US Coins

1786 Maris 24-Q New Jersey copper star of sale

Colonial America column from Nov. 28, 2016, weekly issue of Coin World:

Since the mid-1990s, the Colo­nial Coin Collectors Club con­vention has been a can’t miss event for enthusiasts of America’s pre-federal coinage. Long held in Boston, in recent years the C4 show has been held in Baltimore in conjunction with the Whitman Coin and Collectibles Expo.

This year’s event, as usual, included educational forums and gatherings of like-minded collectors on and off the bourse. The C4 auction, conducted by Stack’s Bowers Galleries, featured a number of important rarities. The focus was on varieties of state coppers, the lynchpin of Colonial coin collecting for decades.

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Beginning in the years after the Civil War, collectors of Colonial coins followed in the footsteps of large cent scholars and began to identify and describe individual die marriages of state coppers. Dr. Edward Maris published his Coins of New Jersey in 1881, and Dr. Thomas Hall’s A Descriptive List of the Coins Issued by Authority for Connecticut for the Year 1787 followed in 1892. Rev. Edmund Slafter was the pioneer, publishing The Vermont Coinage in 1870, though his effort did not have the long-term impact of the books by Maris and Hall.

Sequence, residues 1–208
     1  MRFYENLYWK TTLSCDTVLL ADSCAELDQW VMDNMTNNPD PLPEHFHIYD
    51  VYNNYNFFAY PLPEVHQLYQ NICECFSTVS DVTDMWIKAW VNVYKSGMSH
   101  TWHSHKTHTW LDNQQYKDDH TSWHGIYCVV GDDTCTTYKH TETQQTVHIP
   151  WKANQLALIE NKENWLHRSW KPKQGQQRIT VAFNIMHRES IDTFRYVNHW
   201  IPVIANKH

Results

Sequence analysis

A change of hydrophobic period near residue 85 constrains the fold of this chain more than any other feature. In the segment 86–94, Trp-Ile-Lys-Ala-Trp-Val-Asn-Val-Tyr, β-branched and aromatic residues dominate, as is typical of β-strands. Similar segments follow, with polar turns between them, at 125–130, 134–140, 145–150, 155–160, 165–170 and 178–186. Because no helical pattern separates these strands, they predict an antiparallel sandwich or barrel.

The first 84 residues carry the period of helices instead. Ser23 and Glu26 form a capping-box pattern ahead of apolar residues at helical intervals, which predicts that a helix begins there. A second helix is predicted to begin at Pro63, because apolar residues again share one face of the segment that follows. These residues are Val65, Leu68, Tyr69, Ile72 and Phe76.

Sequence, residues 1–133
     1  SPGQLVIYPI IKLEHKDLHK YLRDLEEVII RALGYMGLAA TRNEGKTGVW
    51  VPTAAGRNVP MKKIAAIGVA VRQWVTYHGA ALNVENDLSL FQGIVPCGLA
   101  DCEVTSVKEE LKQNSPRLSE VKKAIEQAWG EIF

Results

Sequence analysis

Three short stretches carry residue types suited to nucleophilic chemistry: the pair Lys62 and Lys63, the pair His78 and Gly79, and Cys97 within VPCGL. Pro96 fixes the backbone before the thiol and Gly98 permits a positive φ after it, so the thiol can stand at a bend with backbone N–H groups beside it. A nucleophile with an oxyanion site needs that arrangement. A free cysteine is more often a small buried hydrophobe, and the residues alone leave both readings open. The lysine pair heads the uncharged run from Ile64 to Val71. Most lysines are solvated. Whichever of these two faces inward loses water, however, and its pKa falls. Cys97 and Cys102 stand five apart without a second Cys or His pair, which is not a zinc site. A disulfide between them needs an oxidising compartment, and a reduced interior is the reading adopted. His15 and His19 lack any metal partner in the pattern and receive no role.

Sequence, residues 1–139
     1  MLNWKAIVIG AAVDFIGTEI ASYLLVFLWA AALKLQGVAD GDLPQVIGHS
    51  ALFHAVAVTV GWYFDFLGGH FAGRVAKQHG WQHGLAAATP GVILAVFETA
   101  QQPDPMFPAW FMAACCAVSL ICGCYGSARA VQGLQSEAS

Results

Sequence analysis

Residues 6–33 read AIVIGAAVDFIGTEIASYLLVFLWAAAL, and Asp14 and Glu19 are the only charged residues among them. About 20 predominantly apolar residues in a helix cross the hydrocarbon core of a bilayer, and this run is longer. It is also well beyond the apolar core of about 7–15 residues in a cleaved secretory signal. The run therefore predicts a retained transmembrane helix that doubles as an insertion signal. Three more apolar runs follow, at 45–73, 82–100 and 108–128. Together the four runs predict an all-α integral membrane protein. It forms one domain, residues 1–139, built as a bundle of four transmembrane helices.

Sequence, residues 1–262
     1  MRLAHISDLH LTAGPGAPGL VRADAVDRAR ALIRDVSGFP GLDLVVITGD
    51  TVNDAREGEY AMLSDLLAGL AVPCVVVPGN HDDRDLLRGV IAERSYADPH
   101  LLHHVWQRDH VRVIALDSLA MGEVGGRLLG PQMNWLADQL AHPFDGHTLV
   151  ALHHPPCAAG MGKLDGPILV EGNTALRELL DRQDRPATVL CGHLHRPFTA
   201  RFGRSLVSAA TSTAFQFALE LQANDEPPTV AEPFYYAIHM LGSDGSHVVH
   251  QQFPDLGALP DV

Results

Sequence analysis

Maris numbers remain in use today. Miller numbers for Connecticut coppers, first published by Henry C. Miller in 1920, closely follow Hall’s initial work on the coppers of 1787.

The star of the state coppers in this year’s C4 auction was a very rare New Jersey copper, Maris 24-Q. Dated 1786, the Maris 24-Q has been known since before 1881. Dr. Maris knew of two examples. Today, the population has increased to only five, making it among the rarest of all New Jersey coppers. The newly discovered piece sold in the C4 auction was graded Very Fine 20 by Professional Coin Grading Service and may rank as finest known. It brought $82,250, several hundred times what a common variety would be worth in similar grade.

The Anderson-Gleckler collection of Connecticut coppers garnered a good deal of attention from specialists. Described as “a major rarity in the Connecticut series,” the 1786 Miller 2.1-D.3 in the sale showed significant granularity from burial and would not be considered beautiful by even the most ardent admirer of the series. What it lacked in beauty it made up for in rarity, with a population estimated at nine known examples. The coin realized $17,625 in feverish bidding.

Other Connecticut coppers sold in the range of $100 to $10,000, showing why this speciality has had such enduring appeal. 

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